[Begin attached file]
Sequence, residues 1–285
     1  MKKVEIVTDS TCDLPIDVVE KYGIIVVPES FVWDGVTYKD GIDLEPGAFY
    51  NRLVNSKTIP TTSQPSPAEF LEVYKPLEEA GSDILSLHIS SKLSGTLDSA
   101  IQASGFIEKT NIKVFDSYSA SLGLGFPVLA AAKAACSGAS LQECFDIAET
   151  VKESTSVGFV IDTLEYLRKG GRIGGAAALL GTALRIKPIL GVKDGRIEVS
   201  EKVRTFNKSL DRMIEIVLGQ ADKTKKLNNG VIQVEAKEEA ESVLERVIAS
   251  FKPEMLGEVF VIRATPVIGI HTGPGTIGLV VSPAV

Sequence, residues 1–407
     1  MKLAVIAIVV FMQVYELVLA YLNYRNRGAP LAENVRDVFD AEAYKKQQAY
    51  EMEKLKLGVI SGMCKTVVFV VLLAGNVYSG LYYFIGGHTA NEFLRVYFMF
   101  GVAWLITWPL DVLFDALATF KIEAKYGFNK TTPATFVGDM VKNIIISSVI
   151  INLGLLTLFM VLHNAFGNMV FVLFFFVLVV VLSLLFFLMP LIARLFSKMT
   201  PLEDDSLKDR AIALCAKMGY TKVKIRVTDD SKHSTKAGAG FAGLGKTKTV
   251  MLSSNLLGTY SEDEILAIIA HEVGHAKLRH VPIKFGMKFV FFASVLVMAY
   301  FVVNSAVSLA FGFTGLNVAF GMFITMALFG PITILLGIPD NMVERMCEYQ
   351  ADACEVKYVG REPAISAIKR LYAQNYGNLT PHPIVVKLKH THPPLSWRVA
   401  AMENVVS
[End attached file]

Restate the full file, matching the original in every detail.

Sequence, residues 1–285
     1  MKKVEIVTDS TCDLPIDVVE KYGIIVVPES FVWDGVTYKD GIDLEPGAFY
    51  NRLVNSKTIP TTSQPSPAEF LEVYKPLEEA GSDILSLHIS SKLSGTLDSA
   101  IQASGFIEKT NIKVFDSYSA SLGLGFPVLA AAKAACSGAS LQECFDIAET
   151  VKESTSVGFV IDTLEYLRKG GRIGGAAALL GTALRIKPIL GVKDGRIEVS
   201  EKVRTFNKSL DRMIEIVLGQ ADKTKKLNNG VIQVEAKEEA ESVLERVIAS
   251  FKPEMLGEVF VIRATPVIGI HTGPGTIGLV VSPAV

Sequence, residues 1–407
     1  MKLAVIAIVV FMQVYELVLA YLNYRNRGAP LAENVRDVFD AEAYKKQQAY
    51  EMEKLKLGVI SGMCKTVVFV VLLAGNVYSG LYYFIGGHTA NEFLRVYFMF
   101  GVAWLITWPL DVLFDALATF KIEAKYGFNK TTPATFVGDM VKNIIISSVI
   151  INLGLLTLFM VLHNAFGNMV FVLFFFVLVV VLSLLFFLMP LIARLFSKMT
   201  PLEDDSLKDR AIALCAKMGY TKVKIRVTDD SKHSTKAGAG FAGLGKTKTV
   251  MLSSNLLGTY SEDEILAIIA HEVGHAKLRH VPIKFGMKFV FFASVLVMAY
   301  FVVNSAVSLA FGFTGLNVAF GMFITMALFG PITILLGIPD NMVERMCEYQ
   351  ADACEVKYVG REPAISAIKR LYAQNYGNLT PHPIVVKLKH THPPLSWRVA
   401  AMENVVS